Women from lower socio-economic backgrounds are 25% more likely to suffer a heart attack than men in the same income bracket.
Women are 50% more likely to misdiagnosed if they have a heart attack than men, and, perhaps unsurprisingly therefore, they are also more likely to die.
In 2016 the British Medical Journal reported that young women were almost twice as likely as men to die in hospital.
In the same year, the American Heart Association also raised concerns about a number of risk-prediction models ‘commonly used’ in patients with acute coronary syndrome, because they were developed in patient populations that were at least two-thirds male.
So. Very much not a male thing.
But although this misconception is killing women, somehow it continues. And judging by two developments this week, it is set to potentially get much, much worse.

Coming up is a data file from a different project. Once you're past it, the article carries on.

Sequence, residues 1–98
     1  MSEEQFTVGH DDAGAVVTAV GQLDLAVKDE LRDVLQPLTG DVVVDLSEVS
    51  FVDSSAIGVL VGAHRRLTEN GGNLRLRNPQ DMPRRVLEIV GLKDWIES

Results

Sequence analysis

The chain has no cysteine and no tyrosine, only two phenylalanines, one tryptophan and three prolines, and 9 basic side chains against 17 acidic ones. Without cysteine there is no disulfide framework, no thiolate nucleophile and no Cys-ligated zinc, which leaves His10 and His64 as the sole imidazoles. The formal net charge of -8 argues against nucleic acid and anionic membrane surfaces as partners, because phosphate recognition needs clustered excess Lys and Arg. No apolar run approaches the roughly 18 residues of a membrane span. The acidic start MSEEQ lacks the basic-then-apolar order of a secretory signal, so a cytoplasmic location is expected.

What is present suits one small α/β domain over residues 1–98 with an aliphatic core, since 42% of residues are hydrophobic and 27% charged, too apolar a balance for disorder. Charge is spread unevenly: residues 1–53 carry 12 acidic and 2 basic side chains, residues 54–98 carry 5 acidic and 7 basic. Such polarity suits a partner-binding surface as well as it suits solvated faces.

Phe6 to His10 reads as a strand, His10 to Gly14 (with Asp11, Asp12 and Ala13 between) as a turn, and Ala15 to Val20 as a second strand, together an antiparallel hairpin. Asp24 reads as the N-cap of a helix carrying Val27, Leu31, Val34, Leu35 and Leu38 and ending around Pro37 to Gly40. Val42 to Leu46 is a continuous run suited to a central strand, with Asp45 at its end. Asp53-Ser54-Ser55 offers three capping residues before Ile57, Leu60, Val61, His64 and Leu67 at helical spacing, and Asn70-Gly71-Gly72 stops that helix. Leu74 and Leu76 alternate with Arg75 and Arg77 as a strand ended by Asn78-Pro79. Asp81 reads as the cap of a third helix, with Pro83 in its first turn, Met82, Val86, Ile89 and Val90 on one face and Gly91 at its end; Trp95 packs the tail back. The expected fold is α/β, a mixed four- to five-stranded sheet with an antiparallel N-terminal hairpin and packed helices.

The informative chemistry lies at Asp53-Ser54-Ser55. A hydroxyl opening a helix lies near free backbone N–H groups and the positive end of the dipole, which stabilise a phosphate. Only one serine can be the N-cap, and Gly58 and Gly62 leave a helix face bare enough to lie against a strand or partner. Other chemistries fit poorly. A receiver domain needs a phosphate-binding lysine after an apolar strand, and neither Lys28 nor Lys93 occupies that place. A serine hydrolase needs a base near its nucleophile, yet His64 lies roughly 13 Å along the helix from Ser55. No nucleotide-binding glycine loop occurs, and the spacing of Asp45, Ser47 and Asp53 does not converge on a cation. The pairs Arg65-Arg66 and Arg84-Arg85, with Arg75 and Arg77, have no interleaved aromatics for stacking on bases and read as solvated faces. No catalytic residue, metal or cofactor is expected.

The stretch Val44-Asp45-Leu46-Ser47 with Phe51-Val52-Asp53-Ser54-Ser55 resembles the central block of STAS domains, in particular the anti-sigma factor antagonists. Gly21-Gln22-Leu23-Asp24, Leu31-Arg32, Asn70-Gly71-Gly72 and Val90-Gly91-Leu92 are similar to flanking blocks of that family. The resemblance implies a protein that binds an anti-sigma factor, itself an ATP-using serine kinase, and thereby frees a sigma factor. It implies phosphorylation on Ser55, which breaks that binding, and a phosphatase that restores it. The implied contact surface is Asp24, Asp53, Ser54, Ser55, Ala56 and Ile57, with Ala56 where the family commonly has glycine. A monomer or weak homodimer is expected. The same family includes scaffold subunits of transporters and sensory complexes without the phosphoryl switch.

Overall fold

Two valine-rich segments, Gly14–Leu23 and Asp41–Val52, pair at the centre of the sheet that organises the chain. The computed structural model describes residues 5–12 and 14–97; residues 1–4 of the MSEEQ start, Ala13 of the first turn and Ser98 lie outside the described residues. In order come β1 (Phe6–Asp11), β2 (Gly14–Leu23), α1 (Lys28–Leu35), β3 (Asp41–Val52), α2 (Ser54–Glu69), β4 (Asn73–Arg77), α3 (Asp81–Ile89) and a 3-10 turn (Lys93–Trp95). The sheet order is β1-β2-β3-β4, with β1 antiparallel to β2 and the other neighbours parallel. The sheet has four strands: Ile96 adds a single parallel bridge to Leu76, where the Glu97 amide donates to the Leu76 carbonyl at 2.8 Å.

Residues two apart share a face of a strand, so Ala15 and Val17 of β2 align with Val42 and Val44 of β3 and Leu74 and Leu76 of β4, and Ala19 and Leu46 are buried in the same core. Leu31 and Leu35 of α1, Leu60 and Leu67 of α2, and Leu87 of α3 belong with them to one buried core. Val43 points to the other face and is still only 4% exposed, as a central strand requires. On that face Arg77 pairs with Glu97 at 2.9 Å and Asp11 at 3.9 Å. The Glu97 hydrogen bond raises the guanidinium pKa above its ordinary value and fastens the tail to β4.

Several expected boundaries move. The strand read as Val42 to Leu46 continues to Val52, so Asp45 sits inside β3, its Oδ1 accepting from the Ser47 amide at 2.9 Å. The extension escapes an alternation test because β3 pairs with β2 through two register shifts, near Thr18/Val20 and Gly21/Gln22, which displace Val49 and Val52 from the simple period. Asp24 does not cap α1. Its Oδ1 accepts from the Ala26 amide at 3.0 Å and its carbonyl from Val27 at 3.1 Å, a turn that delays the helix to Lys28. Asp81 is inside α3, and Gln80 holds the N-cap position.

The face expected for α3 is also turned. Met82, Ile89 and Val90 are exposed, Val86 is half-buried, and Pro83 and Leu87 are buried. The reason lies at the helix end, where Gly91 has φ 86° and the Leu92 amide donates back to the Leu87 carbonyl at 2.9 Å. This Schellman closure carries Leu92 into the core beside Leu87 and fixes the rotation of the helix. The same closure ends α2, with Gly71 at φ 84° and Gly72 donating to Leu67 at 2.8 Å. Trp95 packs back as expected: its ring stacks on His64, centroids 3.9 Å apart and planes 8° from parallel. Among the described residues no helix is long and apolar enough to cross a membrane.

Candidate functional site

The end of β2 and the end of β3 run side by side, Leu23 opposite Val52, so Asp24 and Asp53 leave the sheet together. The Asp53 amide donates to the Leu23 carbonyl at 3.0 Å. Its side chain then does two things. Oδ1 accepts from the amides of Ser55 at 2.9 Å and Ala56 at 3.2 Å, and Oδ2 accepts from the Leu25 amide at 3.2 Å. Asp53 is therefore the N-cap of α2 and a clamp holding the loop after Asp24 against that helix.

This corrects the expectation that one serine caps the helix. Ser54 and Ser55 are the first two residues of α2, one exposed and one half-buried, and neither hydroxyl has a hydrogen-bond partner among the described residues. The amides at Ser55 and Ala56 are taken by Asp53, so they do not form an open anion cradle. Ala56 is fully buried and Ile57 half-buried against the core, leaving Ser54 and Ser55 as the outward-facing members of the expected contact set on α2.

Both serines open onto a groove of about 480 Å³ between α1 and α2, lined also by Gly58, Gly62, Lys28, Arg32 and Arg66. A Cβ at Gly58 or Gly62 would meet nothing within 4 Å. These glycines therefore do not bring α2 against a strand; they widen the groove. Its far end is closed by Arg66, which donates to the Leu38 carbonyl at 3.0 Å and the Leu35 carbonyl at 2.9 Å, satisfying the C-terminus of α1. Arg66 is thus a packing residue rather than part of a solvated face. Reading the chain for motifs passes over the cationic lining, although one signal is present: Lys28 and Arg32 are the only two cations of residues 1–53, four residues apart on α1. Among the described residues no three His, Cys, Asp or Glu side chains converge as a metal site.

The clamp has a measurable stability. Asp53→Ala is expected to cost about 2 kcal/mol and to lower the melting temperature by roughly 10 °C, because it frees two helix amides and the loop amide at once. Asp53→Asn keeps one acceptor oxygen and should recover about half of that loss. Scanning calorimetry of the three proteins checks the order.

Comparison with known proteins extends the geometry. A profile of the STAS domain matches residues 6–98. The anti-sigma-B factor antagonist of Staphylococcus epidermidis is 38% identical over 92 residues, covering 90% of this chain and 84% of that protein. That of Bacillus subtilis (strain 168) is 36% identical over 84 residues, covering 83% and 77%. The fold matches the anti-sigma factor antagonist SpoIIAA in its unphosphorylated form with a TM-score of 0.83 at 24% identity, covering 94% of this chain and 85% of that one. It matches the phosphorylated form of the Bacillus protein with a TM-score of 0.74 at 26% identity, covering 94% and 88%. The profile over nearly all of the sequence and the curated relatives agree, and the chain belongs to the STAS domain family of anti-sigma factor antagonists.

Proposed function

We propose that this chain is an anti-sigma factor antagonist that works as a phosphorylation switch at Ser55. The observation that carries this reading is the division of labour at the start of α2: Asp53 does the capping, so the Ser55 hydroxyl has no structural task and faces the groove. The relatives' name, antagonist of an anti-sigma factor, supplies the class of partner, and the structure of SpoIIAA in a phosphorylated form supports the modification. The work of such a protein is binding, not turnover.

Things started well with an an article in The Scotsman headlined, "AI to predict heart attacks at least five years before they occur." The article was even -- joy! -- illustrated with a picture of a woman.
Far be it from me to be a party-pooper (jk, being a party-pooper is literally my party trick), but I thought I'd have a look at the study this article was based on before popping any champagne corks. And...oh dear. The paper didn't mention sex at all, even though we know that "normal" diagnostic thresholds for certain biomarkers may be too high for women. Worse, the three studies the paper used were all dominated by male participants.